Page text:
Rising Sun, IN—The Rising Sun Regional Foundation (RSRF) awarded a total of $250,191 in 21 new grants in the second quarter of 2019.$20,000 to the City of Aurora toward playground equipment for its Powerscape Extra Innings Playground Replacement project at the Aurora ball fields;$1,000 to the Aurora Riverfront Beautification toward the 2019 Red, White & Boom festival;$9,640 to the Batesville Community School Corporation toward its Leveled Literacy Intervention system;$16,500 to the Batesville Fire & Rescue toward the purchase of a mechanical CPR device;$2,678 to the Batesville Youth Football League to seed and aerate a practice field;$18,754 to the Bear Branch Volunteer Fire Department toward the purchase of Self Contained Breathing Apparatus with attached thermal imaging cameras;$27,000 to the Milan Community School Corporation toward upgrades to classroom locks;$5,600 to the Town of Napoleon toward the purchase, installation, and calibration of an ultrasonic flow meter;$20,000 to Ohio County Emergency Management for computers and devices for Ohio County Sheriffs’ and Rising Sun Police Department’s vehicles;$6,000 to the Ohio County Public Library for new public computers;$2,000 to the Ripley County Humane Society toward the purchase of a lawn mower;$11,337 to the City of Rising Sun for the purchase of safety equipment for the police department;$7,000 to Rising Sun Family Medicine toward the replacement of flooring;$23,000 to the Rising Sun Ohio County Community School Corporation for security equipment;2,000 to the Rock Solid Families for incentives for its parenting series, Families Rock;$6,896 to the South Dearborn Community School Corporation toward its Campus Security Initiative;$40,000 to the Sunman Area Life Squad for a manual monitor/defibrillator and auto pulse system;$10,000 to the Tyson Community Advancement Foundation for renovations to the stage area at Tyson Activity Center;$2,400 to the Tyson Library Association toward the installation of an automatic door for the handicap entrance;$9,000 to the Town of Versailles for Pangburn Park improvements; and$9,386 to the Versailles Volunteer Fire Department for a six-position headset.Grant applications for the next grants cycle are due Monday, July 15, 2019, by 4:00 pm. Applications can be downloaded from the RSRF website by clicking here and can be emailed to Jascia Redwine at email@example.com.
Smith, who was given an honorary doctorate during the ceremony, had already announced that he planned to give $1.5 million to the school.He is the founder and CEO of Vista Equity Partners, a private equity firm that invests in software, data, and technology-driven companies. A billionaire technology investor and philanthropist made a surprise announcement during his commencement speech to graduates of a Georgia college on Sunday morning.Robert F. Smith, this year’s commencement speaker at Morehouse College in Atlanta, says that he is going to provide grants that will wipe out the entire student debt – around $40 million – of this year’s graduating class at the school.The businessman told the nearly 400 graduating seniors at the all-male historically black college, “On behalf of the eight generations of my family that have been in this country, we’re gonna put a little fuel in your bus. This is my class, 2019. And my family is making a grant to eliminate their student loans.”The caveat? Smith says that he expects the recipients to “pay it forward,” and he hopes that “every class has the same opportunity going forward.””My family is going to create a grant to eliminate your student loans!” -Robert F. Smith told the graduating Class of 2019 @RFS_Vista #MorehouseGrad2019 pic.twitter.com/etG8JhVA46— Morehouse College (@Morehouse) May 19, 2019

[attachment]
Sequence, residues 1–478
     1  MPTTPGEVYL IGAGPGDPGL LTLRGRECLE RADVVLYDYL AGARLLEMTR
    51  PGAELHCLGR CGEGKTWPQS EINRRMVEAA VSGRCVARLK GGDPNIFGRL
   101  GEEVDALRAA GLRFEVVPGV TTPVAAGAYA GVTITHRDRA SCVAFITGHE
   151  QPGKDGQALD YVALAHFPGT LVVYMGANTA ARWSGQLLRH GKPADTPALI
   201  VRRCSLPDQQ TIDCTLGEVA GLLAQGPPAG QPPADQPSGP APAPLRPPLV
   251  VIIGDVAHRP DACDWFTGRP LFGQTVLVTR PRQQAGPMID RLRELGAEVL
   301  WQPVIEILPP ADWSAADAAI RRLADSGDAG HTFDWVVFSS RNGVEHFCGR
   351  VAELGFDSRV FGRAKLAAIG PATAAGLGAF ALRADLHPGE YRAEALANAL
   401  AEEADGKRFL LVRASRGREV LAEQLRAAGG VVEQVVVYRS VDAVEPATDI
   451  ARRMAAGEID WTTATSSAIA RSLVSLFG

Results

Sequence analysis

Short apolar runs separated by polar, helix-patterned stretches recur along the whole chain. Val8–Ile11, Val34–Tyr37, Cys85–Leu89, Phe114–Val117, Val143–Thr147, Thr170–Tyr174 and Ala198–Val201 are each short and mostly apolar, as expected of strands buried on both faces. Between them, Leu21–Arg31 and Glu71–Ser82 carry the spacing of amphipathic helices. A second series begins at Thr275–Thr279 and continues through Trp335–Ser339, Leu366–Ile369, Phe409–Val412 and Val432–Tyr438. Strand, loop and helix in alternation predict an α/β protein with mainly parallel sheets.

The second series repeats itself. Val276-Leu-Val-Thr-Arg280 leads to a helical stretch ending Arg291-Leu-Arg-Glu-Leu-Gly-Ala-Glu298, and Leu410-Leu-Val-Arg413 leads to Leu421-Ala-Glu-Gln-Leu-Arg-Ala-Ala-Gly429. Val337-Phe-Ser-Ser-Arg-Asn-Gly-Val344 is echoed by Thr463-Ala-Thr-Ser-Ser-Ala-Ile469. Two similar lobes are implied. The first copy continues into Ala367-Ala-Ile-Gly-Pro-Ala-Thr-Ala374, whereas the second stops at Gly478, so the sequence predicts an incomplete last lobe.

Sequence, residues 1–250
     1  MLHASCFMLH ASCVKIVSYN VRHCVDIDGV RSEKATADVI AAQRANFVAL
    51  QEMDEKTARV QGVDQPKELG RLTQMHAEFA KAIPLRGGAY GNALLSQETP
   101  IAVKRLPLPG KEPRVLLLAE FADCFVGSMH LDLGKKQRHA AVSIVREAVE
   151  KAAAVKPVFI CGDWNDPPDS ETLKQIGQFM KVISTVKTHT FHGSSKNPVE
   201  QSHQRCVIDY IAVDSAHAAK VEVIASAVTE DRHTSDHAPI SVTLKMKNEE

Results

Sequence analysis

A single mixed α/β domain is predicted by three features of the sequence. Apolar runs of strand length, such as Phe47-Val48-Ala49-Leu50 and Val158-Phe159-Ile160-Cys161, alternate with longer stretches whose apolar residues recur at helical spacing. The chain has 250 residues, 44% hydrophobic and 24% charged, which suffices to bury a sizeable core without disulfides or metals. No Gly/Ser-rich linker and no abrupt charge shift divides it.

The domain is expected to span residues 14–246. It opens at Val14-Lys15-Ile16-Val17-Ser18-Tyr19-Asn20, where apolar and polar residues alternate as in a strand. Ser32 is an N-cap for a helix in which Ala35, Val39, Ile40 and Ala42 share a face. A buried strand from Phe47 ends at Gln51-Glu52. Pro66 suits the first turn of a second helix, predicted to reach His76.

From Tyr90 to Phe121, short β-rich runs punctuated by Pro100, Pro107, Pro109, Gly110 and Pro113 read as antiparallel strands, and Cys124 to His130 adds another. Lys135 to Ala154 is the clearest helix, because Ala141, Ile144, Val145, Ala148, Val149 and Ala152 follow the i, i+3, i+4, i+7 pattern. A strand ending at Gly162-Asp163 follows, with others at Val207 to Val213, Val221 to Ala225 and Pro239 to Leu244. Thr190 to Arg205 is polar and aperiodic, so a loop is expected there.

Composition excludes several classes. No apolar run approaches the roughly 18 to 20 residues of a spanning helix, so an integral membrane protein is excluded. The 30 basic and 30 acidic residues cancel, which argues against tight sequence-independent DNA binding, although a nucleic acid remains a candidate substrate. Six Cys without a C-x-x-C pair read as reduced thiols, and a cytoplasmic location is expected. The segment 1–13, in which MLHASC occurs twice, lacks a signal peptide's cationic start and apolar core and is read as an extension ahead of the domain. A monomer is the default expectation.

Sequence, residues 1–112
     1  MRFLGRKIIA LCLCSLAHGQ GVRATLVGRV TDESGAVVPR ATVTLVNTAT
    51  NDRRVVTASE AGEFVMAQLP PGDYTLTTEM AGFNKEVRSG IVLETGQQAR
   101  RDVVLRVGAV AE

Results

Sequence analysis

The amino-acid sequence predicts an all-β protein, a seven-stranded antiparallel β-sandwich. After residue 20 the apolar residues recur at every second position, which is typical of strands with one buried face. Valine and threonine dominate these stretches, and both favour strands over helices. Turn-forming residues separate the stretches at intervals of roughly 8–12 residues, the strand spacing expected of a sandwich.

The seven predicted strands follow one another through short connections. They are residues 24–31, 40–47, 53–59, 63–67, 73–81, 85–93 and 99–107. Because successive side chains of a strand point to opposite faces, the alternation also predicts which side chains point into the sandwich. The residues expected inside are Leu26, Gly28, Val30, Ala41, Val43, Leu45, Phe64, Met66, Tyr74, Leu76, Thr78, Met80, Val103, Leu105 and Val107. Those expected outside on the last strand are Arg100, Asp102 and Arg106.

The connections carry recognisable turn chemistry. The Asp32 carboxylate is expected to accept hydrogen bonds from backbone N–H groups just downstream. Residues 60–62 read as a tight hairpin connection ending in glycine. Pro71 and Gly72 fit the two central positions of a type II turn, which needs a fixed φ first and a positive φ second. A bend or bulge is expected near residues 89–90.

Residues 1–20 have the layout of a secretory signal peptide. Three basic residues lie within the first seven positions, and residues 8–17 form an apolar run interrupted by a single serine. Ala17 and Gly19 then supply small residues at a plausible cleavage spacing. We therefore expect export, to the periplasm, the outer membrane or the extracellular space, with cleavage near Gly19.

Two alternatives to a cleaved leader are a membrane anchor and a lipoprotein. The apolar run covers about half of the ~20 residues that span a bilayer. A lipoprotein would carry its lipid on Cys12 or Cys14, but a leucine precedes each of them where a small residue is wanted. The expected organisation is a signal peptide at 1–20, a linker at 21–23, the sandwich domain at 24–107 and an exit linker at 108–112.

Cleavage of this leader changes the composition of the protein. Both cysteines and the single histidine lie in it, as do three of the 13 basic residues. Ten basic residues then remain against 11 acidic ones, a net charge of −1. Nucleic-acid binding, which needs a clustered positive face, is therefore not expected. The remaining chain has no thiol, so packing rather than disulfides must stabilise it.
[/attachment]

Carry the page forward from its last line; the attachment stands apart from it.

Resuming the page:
Airbnb executives and Palm Beach County leaders are clashing yet again.The popular vacation rental hosting platform just filed another lawsuit against the county and tax collector Anne Gannon.The suit, filed in the 15th Judicial Circuit Court on Monday, claims that the county’s new vacation rental ordinance violates the Local Option Tourist Development Act and the Florida Constitution. It also says the ordinance’s “unconstitutional and unlawful provisions” will cause Airbnb to “suffer irreparable harm, the extent of which is incalculable.”Palm Beach County’s revised rules for vacation rentals were approved on June 18.Airbnb is disputing a requirement that it provide bed tax information to hosts and collect a valid bed tax account number from them, before listing the property online.The ordinance also requires Airbnb to collect bed taxes and remit them to the vacation rental host, who then gives the bed taxes to the tax collector’s office. The lawsuit states, “Such [bed tax] obligations improperly transform Hosting Platforms and Booking Services into de facto enforcement arms of the Tax Collector.”An Airbnb spokesperson adds, “We are tired of fighting with Tax Collector [Anne] Gannon when we could be supporting her as we do for all of the surrounding counties. We will continue to try and work with the County to find a solution that allows Airbnb to help facilitate tax collection.”Airbnb currently has an agreement with Florida’s revenue department to collect and remit state sales tax. It also has agreements with Broward, Miami-Dade, and 38 other counties to collect and remit bed taxes on behalf of hosts.According to an email from Gannon, “We are constitutional officers and under our oath of office we are obligated to collect taxes under the contract we have with the county. [Airbnb] only want(s) to remit a bulk payment monthly.”The Local Option Act gives counties the ability to impose bed taxes on a “dealer” for vacation rentals or leases. Airbnb believes it should not be subject to those requirements because it is a platform for dealers, rather than an actual dealer of short-term vacation rentals.Five years ago, Gannon sued Airbnb, as well as three other companies, for failing to register dealers and collect or remit bed taxes. Last January, Circuit Judge James Nutt ruled in favor of Airbnb and the other companies. He wrote at the time, “In short, dealers are limited to those engaged in the business of renting, not the business of servicing those in the business of renting.[Airbnb’s and others’] extensive involvement remains confined to the latter.”Airbnb and HomeAway sued Palm Beach County last November, after commissioners approved the first version of vacation rental rules. The separate lawsuits, which have since been combined, state that the regulations violate state and federal law, and that requiring companies to comply with the county’s rules would violate customers’ rights. The case is currently in federal court.